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Moses Gengo-Ton Ravanes cried throughout his sentencing at the Christchurch District Court yesterday, Christchurch Court News reported.
Crown prosecutor Mitchell McClenaghan asked for a sentence which sent a message, saying that in New Zealand's drinking culture young people relied on Uber and taxis to get home.
The victim was entitled to a safe passage home, he said.
"She didn't receive that. She was raped."
Judge Paul Kellar agreed with the Crown's request for a deterrent sentence.
"Young people in particular are entitled to have an expectation of being safe when they are driven home by taxi drivers."
The victim did not appear in court but filed a victim impact statement.
Kellar said the rape had a significant psychological effect on her, Christchurch Court News reported.
"Her self-esteem and feelings of self-worth have suffered significantly as a result of this – quite wrongly. She is not to blame for this, in any way whatsoever," Kellar said.
Ravanes picked the girl up outside The Strip in central Christchurch in May 2018.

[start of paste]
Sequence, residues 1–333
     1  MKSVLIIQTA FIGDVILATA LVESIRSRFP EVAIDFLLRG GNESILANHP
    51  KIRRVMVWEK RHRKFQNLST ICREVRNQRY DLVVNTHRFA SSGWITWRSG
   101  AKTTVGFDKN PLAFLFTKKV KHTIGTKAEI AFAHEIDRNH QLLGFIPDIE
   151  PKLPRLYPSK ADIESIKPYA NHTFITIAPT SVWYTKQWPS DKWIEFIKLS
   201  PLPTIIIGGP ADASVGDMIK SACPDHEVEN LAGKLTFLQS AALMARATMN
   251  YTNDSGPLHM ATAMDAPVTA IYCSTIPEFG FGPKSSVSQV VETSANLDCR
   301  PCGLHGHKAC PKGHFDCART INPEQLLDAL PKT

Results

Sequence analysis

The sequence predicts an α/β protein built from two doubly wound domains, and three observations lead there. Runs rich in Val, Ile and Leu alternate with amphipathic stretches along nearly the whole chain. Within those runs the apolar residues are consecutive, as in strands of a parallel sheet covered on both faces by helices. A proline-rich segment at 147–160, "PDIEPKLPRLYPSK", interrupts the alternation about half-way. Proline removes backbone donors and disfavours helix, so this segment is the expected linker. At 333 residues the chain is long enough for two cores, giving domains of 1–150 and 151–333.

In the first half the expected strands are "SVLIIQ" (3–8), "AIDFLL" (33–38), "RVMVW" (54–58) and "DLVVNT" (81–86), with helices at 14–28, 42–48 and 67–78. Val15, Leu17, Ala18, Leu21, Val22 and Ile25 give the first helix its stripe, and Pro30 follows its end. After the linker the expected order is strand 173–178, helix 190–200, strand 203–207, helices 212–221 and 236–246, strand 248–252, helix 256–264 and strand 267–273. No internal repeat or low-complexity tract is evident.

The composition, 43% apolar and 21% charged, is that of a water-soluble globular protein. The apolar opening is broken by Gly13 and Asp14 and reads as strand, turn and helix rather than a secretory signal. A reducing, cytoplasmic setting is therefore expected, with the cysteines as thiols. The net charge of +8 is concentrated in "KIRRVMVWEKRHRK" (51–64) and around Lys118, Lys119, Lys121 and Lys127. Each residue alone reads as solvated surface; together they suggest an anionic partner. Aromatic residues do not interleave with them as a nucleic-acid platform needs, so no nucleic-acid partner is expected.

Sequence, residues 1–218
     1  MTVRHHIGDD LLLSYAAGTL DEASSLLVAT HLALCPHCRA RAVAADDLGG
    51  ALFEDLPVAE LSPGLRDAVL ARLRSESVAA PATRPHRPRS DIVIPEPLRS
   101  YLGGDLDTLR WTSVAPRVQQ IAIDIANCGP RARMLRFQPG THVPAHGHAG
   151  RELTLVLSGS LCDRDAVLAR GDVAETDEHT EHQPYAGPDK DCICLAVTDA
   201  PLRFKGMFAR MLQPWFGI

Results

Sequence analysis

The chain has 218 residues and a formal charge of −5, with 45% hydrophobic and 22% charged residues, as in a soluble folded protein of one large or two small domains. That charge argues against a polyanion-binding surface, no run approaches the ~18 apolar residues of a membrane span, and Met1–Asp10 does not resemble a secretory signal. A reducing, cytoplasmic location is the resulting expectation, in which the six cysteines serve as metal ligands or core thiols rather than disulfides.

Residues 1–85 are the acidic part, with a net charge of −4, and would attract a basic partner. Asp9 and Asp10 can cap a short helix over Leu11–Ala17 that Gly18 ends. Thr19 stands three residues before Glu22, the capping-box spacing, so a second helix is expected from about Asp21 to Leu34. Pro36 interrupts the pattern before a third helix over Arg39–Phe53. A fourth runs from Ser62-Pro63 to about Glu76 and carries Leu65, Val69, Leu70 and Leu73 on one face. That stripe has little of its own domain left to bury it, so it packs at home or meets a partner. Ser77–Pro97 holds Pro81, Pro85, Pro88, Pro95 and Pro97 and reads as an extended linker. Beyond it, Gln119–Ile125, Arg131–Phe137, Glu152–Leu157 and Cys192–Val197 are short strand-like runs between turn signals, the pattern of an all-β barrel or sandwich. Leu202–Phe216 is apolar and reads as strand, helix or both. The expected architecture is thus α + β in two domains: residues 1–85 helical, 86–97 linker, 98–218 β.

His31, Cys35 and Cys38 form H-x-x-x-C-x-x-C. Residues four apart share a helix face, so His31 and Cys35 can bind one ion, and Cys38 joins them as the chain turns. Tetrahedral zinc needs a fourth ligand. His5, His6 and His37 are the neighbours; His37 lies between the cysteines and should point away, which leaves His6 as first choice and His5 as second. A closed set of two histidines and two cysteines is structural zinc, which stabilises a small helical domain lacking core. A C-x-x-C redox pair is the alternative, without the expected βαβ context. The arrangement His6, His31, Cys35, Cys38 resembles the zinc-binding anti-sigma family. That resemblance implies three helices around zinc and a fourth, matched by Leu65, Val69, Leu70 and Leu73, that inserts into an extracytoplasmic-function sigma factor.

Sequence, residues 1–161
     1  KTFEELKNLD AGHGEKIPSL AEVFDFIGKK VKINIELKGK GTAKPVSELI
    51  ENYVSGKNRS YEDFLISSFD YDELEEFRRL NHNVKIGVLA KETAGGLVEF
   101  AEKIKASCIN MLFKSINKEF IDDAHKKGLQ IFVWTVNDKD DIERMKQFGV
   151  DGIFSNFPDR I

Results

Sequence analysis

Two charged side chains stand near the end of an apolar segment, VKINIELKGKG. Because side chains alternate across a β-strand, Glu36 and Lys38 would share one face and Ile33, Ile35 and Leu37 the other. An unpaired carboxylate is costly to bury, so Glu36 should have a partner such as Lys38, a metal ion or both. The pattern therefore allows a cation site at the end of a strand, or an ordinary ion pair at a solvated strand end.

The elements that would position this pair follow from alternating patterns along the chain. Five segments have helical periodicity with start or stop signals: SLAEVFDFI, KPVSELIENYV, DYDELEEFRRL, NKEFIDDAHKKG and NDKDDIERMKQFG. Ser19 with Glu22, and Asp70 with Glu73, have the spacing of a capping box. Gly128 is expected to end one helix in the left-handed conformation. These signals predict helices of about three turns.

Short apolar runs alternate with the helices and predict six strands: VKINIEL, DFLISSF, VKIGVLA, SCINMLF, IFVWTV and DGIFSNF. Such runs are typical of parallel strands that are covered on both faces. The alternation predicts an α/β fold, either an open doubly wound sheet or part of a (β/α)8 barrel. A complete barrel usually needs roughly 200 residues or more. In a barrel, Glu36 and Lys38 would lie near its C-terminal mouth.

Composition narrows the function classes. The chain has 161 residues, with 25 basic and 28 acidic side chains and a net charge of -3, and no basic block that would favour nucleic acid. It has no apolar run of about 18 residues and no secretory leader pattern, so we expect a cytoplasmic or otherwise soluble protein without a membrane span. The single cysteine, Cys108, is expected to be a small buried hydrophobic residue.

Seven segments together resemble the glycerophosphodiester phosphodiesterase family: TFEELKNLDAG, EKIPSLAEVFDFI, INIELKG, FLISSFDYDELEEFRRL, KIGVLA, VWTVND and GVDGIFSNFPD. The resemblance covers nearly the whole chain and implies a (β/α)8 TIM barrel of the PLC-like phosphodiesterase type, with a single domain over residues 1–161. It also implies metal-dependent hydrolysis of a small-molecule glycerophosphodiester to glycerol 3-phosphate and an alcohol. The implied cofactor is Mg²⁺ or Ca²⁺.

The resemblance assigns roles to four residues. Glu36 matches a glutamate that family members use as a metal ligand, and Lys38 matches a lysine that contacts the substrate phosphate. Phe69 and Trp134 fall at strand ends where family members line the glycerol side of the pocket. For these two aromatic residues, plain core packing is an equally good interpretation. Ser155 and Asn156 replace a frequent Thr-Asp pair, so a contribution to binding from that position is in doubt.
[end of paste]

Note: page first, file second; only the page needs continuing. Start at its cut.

McClenaghan said the Uber driver was aware his passenger did not have a mobile phone on her because her friend had ordered the ride. He was also aware of her intoxicated state as she had stopped the car on the ride home to vomit.
He pulled over in a rural area, climbed into the back seat, and kissed her against her will before raping her.
Ravanes' defence lawyer Andrew McKenzie said his client continued to deny the rape and said the sex was consensual. He planned to appeal the conviction, Christchurch Court News reported.
Ravanes was previously a carpenter in his home country of the Philippines and had taken up Uber driving to supplement his income. Now he had been jailed, his family would have to return to the Philippines.